MATERIALS AND METHODS

Study area
 
The study was conducted in two major capital towns, Wa and Cape Coast in the Upper West and Central Region of Ghana, respectively. The choice of schools for the study was based on Ghana population and housing census 2010 (Ghana Statistical Service, 2012) data that points to the three northern regions (Upper East, Upper West and Northern Regions) and the Central Region as the poorest regions in Ghana. This, therefore, led to the selection of Wa and Cape Coast in the research study. Schools in Cape Coast include 9 public second cycle institution, 3 private second cycle institution, 120 junior high schools, primary schools and pre-schools belonging to both public and private sectors. There are also 14 schools under the school feeding programme. Each school had an average of 300 students. A major market is located in the Cape Coast Township with market days throughout the week. Smaller markets exist in most communities like Abura and Efutu. Also, the Wa Metropolis has 68 schools participating in the Ghana School Feeding Programme (GSFP) with an average population of 300 pupils in a school.
 
Study population
 
The target population included all head teachers, teachers, pupils and kitchen staffs found within schools benefitting from GSFP in the
Wa Municipality and Cape Coast Metropolis. The choice of head teachers, teachers, pupils and kitchen staffs, therefore, enabled generation of first-hand information on the nutritional adequacy of meals served under the GSFP.
 
Sample size
 
A total of 720 respondents participated in the study. This sample size was computed using Graph Pad Prism Version 16, statistical software. It used the following parameters: standard normal variance (at 5% type 1 error; P < 0.05), a critical z-score of 1.96% and at 1% type 1 error (P < 0.01) with 95%±2.58 confidence interval. P values are considered significant below 0.05.
 
Sampling techniques and instrumentation
 
Non-probability sampling using purposive sampling was employed to identify public schools benefitting from the GSFP in both Wa and Cape Coast. Probability sampling using simple random sampling method was used to select 12 schools out of the 68 schools under the School Feeding Programme from Wa, while 8 out of 14 schools were selected from the Cape Coast School Feeding Programme. A pre-tested standardized validated questionnaire consisting of closed-ended questions with multiple choice answers and open-ended questions was used to solicit information on the nutritional quality of meals prepared. An unstructured observational guide was developed to gather additional information.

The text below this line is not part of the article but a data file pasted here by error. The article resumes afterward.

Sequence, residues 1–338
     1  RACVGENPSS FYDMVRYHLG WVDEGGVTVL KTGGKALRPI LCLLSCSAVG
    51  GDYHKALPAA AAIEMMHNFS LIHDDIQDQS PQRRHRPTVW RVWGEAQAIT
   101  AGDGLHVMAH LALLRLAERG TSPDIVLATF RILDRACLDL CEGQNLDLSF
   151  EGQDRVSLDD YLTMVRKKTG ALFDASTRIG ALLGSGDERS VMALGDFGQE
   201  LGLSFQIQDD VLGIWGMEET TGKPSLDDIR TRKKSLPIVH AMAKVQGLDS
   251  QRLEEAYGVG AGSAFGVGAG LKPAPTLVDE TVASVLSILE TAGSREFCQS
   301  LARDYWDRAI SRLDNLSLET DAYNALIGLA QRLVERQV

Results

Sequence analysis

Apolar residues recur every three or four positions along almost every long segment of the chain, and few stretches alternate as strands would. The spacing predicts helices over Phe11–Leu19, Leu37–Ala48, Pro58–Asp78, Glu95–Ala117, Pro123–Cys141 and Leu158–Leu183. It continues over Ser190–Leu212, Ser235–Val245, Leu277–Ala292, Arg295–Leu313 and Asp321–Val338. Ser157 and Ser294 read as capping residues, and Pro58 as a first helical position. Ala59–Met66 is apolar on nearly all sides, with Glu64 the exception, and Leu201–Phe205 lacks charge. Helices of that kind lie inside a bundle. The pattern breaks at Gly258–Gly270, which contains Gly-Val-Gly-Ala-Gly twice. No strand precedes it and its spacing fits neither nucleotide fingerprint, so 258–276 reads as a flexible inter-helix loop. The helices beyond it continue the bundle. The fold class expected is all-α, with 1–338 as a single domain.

Nutrient determination in meals
 
Weights of food ingredients used in preparing the meals per day were measured using a Mettle 346 L weighing scale. These values were obtained by taking the weights of each food ingredient used in preparing the meals, for all the participating pupils in one school per day. The captured weights of the ingredients were then fed into ESHA Food Nutrient Processor Database software to estimate their nutritional values. ESHA spews out weights of nutrients per 100 g of the inputted ingredient. To obtain the actual weights of the nutrients from the meal, the outputs from ESHA were multiplied by the right proportion to make up to the actual weight of the tested meal ingredient.  This process was repeated for all the various food ingredients used to prepare each meal throughout the 5 day study period. The mean daily intake of nutrients in meals over the study period was done arithmetically summing all the values for each nutrient from each meal for the 5 day study period. The resulting values were divided by the 5 days followed by the number of the participating pupils. The data were then fed into USDA National Nutrient Database for Standard Reference (2013) to establish the nutritional values of the meals. Also, meals served to the pupils in the schools that fall under the research study were weighed to ascertain whether the meals served to pupils met the weight of food needed to be served to them.
 
Data analysis
 
Data cleaning preceded the analysis; this was done using SPSS version 20.0 (2011), Graph Pad Prism (trial version 5), Microsoft Excel 2007; and PAST Statistics/data analysis software. The various nutritional contents of meals were calculated using ESHA results Food Nutrient Processor Database (trial version). Both descriptive and inferential statistical tool was used for data analysis and presented using frequencies and means of the information gathered.
 
Ethical considerations
 
Ethical clearance was sought from Ghana Education Service district offices, the head teachers in the various schools under GSFP and the Board of Ethical Clearance Committee of the University of Education, Winneba-Ghana.


 RESULTS

Meals served to pupils under the GSFP